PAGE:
Two by Richard Shelton


I love the night
The black ample evening
When all things cheap-
The paltry, the trivial, the gratuitous-
Sleep blanketed beneath
The moth-colored lace
Of silenced days decline
Leaving the mind open
Free to roam
Vacancies of inactivity
Beyond the cluttered wealth of working day,
Diving deep
Deep into depths of self
Deep past echoes of industry and obligation.
Plunged into absence and emptiness
Where idle reflection
Mirrors origin and essence.



Severed from my expansive self,
I sift through slivers of being
Defecating fright
At the reckless sight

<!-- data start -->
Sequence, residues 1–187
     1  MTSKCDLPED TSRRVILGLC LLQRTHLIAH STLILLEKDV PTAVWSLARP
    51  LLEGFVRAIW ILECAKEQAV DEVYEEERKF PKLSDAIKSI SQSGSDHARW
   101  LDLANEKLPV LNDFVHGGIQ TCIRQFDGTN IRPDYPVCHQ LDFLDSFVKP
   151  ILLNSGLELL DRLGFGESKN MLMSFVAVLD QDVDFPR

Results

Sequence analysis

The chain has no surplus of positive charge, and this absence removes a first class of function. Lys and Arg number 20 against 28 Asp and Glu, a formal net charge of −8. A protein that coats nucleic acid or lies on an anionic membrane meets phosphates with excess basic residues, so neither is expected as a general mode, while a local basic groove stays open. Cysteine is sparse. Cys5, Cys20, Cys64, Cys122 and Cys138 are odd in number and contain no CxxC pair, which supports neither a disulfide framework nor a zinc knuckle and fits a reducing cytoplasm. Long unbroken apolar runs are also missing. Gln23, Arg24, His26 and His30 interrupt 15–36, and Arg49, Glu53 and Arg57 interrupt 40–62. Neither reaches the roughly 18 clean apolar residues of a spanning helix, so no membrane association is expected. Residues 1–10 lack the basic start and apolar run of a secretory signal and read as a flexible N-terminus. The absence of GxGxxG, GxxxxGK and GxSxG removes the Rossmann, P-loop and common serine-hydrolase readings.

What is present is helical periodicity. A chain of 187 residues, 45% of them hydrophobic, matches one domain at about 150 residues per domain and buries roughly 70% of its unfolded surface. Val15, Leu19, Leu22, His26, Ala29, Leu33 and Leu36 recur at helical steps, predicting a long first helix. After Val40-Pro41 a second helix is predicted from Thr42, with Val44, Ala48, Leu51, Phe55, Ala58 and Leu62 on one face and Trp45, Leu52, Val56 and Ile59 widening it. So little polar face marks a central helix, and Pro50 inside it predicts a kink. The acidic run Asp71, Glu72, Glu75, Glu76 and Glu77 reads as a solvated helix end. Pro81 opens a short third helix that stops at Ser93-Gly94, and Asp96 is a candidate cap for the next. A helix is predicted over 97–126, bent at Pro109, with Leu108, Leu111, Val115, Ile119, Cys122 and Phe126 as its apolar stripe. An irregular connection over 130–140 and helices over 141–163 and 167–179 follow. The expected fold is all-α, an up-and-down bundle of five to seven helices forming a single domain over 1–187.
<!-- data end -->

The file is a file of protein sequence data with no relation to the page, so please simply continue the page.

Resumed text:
Of this breathing thing
This vegetable growth,
This vacuum of functioning atoms
So ordered and unknown
Through which the seeds of tedious life
Are gathered and needlessly sown.


Richard Shelton is a painter, whose writings include poems and commentary on art history. His writing appears in publications such as Willard & Maple, The Chaffin Journal, and The Eclectic Muse. His artwork appears in the Smithsonian Art Institutes, Hirshhorn Museum, and as well as other museums in the U.S.



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